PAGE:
Nice. Anti-intellectualism. Better to know less than more? Just what you want to see in someone who is auditioning to lead the nation's most populated state and the world's 8th largest economy.

Meanwhile, Whitman seems to be under the impression that she's running for secretary of Homeland Security. That's how it seemed when, during the debate, she said that "we have to stop illegal immigration at the border."

I guess Whitman missed the NPR stories that explained how controlling immigration is the job of the federal government.

Whitman also declared herself "100 percent against amnesty. No exceptions."

She also missed the stories explaining how Congress hasn't discussed an amnesty since 1986 -- one ultimately signed into law by President Ronald Reagan, a Republican and former California governor. What is under consideration is earned legal status as part of comprehensive immigration reform.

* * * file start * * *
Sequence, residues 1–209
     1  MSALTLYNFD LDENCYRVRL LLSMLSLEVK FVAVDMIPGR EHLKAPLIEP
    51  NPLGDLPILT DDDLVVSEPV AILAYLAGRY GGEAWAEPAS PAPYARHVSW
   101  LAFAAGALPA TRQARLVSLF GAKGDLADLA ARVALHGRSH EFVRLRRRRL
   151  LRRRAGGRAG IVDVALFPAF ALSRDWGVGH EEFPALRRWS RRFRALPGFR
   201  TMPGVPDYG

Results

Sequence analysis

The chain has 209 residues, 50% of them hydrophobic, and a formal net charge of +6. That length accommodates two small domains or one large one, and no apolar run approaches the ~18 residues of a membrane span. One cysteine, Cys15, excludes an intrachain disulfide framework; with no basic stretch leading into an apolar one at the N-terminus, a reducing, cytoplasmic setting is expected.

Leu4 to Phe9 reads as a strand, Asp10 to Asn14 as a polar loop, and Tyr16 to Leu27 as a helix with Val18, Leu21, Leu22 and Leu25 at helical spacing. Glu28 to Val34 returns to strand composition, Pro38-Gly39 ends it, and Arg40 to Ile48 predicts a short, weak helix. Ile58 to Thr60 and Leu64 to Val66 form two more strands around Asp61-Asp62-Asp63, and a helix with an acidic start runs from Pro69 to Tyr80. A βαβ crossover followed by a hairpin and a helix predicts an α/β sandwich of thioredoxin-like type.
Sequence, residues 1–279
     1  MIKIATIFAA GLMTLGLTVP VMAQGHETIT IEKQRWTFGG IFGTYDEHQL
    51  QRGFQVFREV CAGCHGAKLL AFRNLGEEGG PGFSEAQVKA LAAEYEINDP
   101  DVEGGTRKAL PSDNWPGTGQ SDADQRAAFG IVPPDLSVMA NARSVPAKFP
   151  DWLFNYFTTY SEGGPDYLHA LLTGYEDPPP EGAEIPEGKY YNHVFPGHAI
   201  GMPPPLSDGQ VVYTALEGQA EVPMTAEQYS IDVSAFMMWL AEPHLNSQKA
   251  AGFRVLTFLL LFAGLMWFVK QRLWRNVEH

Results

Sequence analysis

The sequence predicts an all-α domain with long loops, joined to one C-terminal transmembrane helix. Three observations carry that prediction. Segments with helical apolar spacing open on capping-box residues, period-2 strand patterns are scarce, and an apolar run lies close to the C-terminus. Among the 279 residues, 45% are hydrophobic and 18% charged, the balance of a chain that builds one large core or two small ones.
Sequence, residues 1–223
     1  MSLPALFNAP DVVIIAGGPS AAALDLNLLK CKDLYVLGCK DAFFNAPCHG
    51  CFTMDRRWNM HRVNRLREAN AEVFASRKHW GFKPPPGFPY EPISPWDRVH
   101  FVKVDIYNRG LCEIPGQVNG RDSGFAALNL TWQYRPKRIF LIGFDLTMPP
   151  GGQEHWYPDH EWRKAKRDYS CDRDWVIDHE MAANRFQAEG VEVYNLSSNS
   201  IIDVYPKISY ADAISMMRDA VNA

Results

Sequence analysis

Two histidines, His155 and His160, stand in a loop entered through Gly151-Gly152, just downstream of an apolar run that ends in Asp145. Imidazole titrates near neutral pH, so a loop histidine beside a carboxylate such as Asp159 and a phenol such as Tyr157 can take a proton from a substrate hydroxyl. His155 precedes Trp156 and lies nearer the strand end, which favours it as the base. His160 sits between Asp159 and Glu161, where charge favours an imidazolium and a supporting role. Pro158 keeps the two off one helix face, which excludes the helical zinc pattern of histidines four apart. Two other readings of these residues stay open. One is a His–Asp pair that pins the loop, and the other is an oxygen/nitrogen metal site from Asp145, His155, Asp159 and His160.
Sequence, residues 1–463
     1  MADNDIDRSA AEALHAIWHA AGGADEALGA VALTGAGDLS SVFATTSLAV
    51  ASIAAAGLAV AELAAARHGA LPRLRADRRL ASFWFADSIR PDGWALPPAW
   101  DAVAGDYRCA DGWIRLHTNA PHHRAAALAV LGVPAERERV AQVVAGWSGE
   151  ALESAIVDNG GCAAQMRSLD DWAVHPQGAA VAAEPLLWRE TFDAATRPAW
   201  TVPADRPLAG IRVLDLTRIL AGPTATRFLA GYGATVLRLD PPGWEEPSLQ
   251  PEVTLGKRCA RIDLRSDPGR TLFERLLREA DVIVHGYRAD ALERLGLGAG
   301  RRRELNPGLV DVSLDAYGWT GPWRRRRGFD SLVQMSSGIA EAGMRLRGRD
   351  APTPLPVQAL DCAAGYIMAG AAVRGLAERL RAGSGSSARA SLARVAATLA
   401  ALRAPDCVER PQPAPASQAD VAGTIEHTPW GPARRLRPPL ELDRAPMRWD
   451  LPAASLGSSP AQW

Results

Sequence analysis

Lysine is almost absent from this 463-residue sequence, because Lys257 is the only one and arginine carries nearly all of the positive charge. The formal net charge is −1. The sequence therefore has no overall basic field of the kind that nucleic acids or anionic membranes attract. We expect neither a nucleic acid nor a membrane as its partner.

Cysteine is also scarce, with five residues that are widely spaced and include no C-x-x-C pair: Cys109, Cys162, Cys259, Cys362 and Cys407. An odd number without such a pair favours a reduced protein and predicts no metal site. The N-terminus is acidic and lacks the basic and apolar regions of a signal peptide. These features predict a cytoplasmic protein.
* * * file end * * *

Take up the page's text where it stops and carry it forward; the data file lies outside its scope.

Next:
Maybe Whitman should go on eBay and buy a copy of "Immigration Reform for Dummies."

You can't blame the Republican hopefuls for gorging on red meat, even as they audition to lead a blue state. Hovering in the background is former California Gov. Pete Wilson, the chairman of Whitman's campaign. Another person who started as a moderate and over the years morphed into a conservative, Wilson is still well regarded by many Republicans in the state.

But Wilson also single-handedly pushed Latino voters out of the GOP in 1994 with an ugly and racially laden re-election campaign that milked the immigration issue for all it was worth. With Latinos accounting for more than a third of Californians and about 20 percent of the electorate, do Whitman and Poizner really want to follow Wilson's example? I know one person who hopes they do: Jerry Brown.

Suit yourselves. The California Republican Party still has, as its symbol, an elephant. But, if it plays with fire, it'll go the way of the dinosaur.

The opinions expressed in this commentary are solely those of Ruben Navarrette.